1. DrXym Silver badge

          Re: Phishing

          Virus / malware scanners, due diligence and risk assessment. Security is not just one thing but many layers of it and a company mentality that fosters it.

  3. SVV Silver badge

    I don't think they've really fixed the problem

    The big question here is how the hell can one user opening an email attachment on their PC cause mission critical control systems, that should be isolated in a completely different network zone, to be taken down?

    1. This post has been deleted by its author

    2. Dan 55 Silver badge

      Re: I don't think they've really fixed the problem

      Because people don't want to go to the isolated non-internet connected PC to see the pretty dashboard, they want to see that dashboard from their office PC.

    3. Anonymous Coward
      Anonymous Coward

      Re: I don't think they've really fixed the problem

      Because the mission critical control systems are old, with no investment and still rely on SMB v1?

  4. Pascal Monett Silver badge

    I note one thing

    The attack was contained, did not do any damage, and the company did not trot out the red flag that is "security is our top priority" - because they didn't need to.

    1. veti Silver badge

      Re: I note one thing

      Why do you think the company itself is bragging about it? They got this one right.

      Let's hope they haven't missed any others.

    2. Anonymous Coward
      Anonymous Coward

      Re: I note one thing

      Well thanks for pouring cold water on it

  5. John Brown (no body) Silver badge

    REdcar & Cleveland Council

    I'm surprised El Reg hasn't picked up on Redcar & Cleveland councils ransomeware attack. It's been all over the mainstream news for over a week now with much of their systems down. I thought we might have had an in depth report by now since it's a far more serious and impacting incident than this Southern Water one even if less pun inspiring.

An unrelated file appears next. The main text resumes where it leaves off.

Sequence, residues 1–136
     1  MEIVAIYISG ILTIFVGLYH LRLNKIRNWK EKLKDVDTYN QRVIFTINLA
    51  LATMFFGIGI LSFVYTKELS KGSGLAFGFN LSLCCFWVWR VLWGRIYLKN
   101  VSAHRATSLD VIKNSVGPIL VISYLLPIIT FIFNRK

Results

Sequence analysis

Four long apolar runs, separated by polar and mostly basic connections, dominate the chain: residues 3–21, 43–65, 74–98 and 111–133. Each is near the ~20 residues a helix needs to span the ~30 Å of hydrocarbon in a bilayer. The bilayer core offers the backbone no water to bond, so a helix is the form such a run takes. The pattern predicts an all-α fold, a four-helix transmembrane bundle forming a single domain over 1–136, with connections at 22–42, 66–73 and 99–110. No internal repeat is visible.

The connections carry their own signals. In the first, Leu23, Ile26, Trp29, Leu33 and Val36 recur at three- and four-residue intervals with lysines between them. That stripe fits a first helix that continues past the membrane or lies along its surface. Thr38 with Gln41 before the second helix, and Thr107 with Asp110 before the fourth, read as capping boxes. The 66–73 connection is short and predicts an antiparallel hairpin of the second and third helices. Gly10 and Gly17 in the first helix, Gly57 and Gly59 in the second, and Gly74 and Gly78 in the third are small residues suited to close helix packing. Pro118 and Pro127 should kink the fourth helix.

1. Anonymous Coward
      Anonymous Coward

      Re: REdcar & Cleveland Council

      Seems to have been quite a few stories hitting the mainstream press that the Reg has missed.

      1. Aristotles slow and dimwitted horse Silver badge

        Re: REdcar & Cleveland Council

        Yes, but let's be grateful that there is a space on the interweb where we can come to totally avoid "news" on Twat Island or I'm a D list celebutard, put me out of my misery with a blunt axe.

  6. Anonymous Coward
    Anonymous Coward

    Fix that leak.

    Is there a plumber in the house?

  7. 0laf Silver badge

    As always it gets harder.

    Genuine emails generated from Office 365 look more like phishing emails than many phishing emails.

    Then you have partner organisation who get compromised then you get phishin emails from people you know, on subjects you are expecting, mixed in with the general obfuscation caused by 365s spammy looking links.

    I'm sure thre is an app for that in E5

  8. adam payne Silver badge

    After all the years of anti phishing education and testing that education there are still people clicking on things.

    People make mistakes, people get distracted and there are those certain people who just like clicking on things.

  9. Anonymous Coward
    Anonymous Coward

    Free money and sex!

    Click here

  10. Steve Davies 3 Silver badge
    Thumb Down

    Another SCADA attack

    You might have thought that given the well documented history of attacks on SCADA that businesses would have air gapped them by now.

    But no... they haven't.

    We need to know why. Ofwat are you listening?

    Don't forget to update your pals in Ofcom and Ofgem.

    1. mikepren

      Re: Another SCADA attack

      Nisr imposes legal responsibility on the utilities, around their critical infrastructure. SCADA controlling the fresh water systems certainly fits that definition. I imagine ofwat is very closely examining this